Wang H.,Ningxia Medical University |
Sessions R.B.,University of Bristol |
Prime S.S.,Bristol Dental Hospital |
Shoemark D.K.,Henry Wellcome Laboratories for Integrative Neuroscience and Endocrinology |
And 4 more authors.
Journal of Computer-Aided Molecular Design | Year: 2013
Aberrant transforming growth factor-β (TGF-β) signalling has been associated with a number of disease pathologies, such as the development of fibrosis in the heart, lung and liver, cardiovascular disease and cancer, hence the TGF-β pathway represents a promising target for a variety of diseases. However, highly specific ways to inhibit TGF-β signalling need to be developed to prevent cross-talk with related receptors and minimise unwanted side effects. We have used used virtual screening and molecular docking to identify small molecule inhibitors of TGF-β binding to TßRII. The crystal structure of TGF-β3 in complex with the extracellular domain of the type II TGF-β receptor was taken as a starting point for molecular docking and we developed a structure-based pharmacophore model to identify compounds that competitively inhibit the binding of TGF-β to TβRII and antogonize TGF-β signalling. We have experimentally tested 67 molecules suggested by in silico screening and similarity searching for their ability to inhibit TGF-β signalling in TGF-β-dependent luciferase assays in vitro and the molecule with the strongest inhibition had an IC50 of 18 μM. These compounds were selected to bind to the SS1 subsite (composed of F30, C31, D32, I50, T51 S52, I53, C54 and E55) of TßRII and all share the general property of being aromatic and fairly flat. Molecular dynamics simulations confirmed that this was the most likely binding mode. The computational methods used and the hits identified in this study provide an excellent guide to medicinal chemistry efforts to design tighter binding molecules to disrupt the TGF-β/TßRII interaction. © 2013 Springer Science+Business Media Dordrecht.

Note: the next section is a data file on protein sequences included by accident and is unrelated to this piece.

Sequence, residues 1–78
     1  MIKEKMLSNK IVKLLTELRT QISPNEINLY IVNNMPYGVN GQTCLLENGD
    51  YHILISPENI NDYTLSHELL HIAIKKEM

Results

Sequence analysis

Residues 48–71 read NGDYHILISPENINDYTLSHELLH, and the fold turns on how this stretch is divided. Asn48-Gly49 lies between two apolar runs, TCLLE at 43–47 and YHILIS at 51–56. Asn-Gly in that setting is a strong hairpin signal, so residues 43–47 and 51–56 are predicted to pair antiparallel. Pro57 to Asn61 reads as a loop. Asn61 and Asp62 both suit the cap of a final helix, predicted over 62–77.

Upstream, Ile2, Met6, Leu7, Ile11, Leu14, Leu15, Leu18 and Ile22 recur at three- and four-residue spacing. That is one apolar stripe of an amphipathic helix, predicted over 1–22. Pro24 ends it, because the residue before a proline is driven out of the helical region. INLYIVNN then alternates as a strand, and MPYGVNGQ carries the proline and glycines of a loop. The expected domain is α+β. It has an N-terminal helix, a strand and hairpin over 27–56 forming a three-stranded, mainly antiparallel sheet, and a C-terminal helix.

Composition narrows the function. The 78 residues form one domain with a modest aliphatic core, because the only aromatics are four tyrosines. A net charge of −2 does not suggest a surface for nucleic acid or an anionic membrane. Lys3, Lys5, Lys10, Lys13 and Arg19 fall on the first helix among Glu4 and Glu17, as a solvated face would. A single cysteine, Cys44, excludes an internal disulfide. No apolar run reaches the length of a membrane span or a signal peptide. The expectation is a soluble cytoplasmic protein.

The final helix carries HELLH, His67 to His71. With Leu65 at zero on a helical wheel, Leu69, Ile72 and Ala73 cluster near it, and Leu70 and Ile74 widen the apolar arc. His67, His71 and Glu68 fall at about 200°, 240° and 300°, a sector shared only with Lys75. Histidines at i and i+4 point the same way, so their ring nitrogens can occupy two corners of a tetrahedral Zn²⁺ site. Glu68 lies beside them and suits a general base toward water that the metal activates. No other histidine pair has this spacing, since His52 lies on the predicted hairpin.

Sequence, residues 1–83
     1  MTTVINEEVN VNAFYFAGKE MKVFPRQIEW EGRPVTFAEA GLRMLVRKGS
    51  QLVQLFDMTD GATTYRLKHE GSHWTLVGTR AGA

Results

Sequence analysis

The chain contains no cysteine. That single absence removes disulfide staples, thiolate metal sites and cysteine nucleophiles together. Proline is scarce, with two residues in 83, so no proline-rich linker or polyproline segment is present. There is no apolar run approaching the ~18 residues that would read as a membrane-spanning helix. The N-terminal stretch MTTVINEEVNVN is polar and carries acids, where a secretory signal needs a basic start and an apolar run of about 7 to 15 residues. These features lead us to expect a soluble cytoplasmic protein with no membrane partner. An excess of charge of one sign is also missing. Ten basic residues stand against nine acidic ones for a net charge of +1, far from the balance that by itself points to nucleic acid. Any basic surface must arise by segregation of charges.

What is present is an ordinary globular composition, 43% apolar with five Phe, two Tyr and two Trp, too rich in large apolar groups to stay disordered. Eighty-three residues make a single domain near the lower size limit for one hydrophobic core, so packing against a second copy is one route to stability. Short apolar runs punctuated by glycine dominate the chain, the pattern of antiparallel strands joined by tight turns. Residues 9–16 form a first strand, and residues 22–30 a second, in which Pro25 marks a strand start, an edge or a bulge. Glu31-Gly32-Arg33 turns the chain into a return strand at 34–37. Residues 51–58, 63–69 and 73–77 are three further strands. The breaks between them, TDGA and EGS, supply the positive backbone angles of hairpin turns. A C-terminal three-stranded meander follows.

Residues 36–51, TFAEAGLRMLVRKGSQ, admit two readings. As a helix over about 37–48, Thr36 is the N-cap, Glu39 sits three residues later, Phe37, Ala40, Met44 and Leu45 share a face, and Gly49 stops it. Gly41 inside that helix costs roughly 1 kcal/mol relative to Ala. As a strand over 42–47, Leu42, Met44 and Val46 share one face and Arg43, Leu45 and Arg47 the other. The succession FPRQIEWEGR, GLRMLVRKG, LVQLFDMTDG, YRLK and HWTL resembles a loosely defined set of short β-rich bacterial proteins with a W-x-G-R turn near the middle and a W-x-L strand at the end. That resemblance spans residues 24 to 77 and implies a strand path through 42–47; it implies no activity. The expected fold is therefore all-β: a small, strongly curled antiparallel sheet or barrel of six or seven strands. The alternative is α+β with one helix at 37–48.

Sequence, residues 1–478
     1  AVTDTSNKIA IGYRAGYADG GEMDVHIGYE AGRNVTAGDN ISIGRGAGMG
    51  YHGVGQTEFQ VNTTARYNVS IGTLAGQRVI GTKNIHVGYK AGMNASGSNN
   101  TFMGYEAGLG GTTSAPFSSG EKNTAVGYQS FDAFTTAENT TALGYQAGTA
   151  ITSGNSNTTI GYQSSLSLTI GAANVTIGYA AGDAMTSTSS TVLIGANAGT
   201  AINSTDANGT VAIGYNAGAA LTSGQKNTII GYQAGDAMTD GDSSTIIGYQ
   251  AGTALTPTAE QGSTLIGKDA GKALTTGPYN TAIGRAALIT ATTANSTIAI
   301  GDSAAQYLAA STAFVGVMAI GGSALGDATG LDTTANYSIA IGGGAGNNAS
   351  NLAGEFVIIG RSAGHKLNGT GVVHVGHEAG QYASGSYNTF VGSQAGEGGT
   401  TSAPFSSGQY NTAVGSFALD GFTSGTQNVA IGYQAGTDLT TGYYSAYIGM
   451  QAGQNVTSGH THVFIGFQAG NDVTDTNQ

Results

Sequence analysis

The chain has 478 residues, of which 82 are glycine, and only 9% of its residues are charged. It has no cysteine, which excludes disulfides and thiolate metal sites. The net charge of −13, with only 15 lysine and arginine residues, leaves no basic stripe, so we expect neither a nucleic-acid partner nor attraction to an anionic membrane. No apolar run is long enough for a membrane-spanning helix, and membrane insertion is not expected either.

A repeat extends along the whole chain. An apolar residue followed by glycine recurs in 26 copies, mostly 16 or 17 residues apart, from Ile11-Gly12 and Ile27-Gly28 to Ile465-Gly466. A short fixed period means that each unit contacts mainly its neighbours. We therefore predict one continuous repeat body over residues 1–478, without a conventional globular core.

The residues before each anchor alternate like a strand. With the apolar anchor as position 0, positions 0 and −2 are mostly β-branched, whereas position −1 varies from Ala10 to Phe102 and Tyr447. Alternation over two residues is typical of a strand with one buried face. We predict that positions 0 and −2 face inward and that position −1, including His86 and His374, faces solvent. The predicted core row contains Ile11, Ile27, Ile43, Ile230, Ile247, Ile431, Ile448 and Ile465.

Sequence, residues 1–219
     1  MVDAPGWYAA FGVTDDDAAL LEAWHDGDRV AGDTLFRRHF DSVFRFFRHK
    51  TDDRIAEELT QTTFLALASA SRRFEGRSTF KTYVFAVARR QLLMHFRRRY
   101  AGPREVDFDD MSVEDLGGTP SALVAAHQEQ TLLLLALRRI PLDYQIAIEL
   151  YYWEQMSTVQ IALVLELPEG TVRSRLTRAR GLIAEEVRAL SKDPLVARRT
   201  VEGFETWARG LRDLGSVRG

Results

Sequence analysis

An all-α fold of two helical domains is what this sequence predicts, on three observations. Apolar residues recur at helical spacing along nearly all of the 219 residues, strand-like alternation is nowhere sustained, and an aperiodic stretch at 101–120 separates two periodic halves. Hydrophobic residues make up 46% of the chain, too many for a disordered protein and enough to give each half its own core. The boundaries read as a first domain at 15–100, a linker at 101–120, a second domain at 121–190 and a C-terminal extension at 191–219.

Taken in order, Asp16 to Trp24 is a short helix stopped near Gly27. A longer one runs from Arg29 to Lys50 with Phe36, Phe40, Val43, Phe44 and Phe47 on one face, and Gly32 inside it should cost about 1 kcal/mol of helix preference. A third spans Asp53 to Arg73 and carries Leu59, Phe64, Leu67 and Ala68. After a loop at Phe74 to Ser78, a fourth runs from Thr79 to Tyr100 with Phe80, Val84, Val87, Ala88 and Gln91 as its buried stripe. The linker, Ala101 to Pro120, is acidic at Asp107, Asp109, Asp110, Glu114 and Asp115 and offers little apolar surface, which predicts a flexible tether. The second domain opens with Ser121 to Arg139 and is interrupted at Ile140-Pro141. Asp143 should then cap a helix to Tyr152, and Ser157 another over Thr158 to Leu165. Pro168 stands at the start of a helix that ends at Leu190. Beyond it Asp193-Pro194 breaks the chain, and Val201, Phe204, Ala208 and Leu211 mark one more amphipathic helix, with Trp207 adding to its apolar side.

Gardner M.P.,University of Bristol |
Lightman S.L.,Henry Wellcome Laboratories for Integrative Neuroscience and Endocrinology |
Gallacher J.,University of Cardiff |
Hardy R.,University College London |
And 4 more authors.
International Journal of Epidemiology | Year: 2011
Background: Cross-sectional studies have suggested that elevated cortisol is associated with worse physical performance, a surrogate of ageing. We examined the relationship between repeat cortisol measures over 20 years and physical performance in later life. Methods: Middle-aged men (45-59 years) were recruited between 1979 and 1983 (Phase 1) from the Caerphilly Prospective Study (CaPS) and re-examined 20 years later at 65-83 years of age (Phase 5). Participants included 750 and 898 subjects with either Phase 1 and/or Phase 5 data on exposure and outcomes. Outcome measures were walking speed and balance time and exposures included morning fasting serum cortisol (Phase 1) and four salivary samples on 2 consecutive days (Phase 5). Results: Faster walking speed was associated with higher morning cortisol at Phase 1 [coefficient per standard deviation (SD) increase 0.68, 95% confidence interval (95% CI) 0.09-1.27; P = 0.02] though this was attenuated after adjustment for covariates (coefficient per SD increase 0.45; 95% CI -0.16 to 1.07; P = 0.15). Higher night-time cortisol at Phase 5 was associated with slower speed (coefficient per SD increase -1.06; 95% CI -1.60 to -0.52; P < 0.001) and poorer balance (odds ratio of top tertile vs bottom 2.49; 95% CI 1.63-3.81; P < 0.001). Worst performance was seen for men with a poor morning response (Phase 1) and less nocturnal decline (Phase 5). Conclusions: Dysregulation of the hypothalamic pituitary adrenal (HPA) axis is associated with worse physical performance in later life. This may reflect a causal effect of the HPA axis on ageing or that ageing itself is associated with reduced HPA reactivity. Published by Oxford University Press on behalf of the International Epidemiological Association. © The Author 2011; all rights reserved.
Gordon D.,University of Bristol |
Pavlovska G.,University of Bristol |
Uney J.B.,Henry Wellcome Laboratories for Integrative Neuroscience and Endocrinology |
Wraith D.C.,University of Bristol |
Scolding N.J.,University of Bristol
Journal of Neuropathology and Experimental Neurology | Year: 2010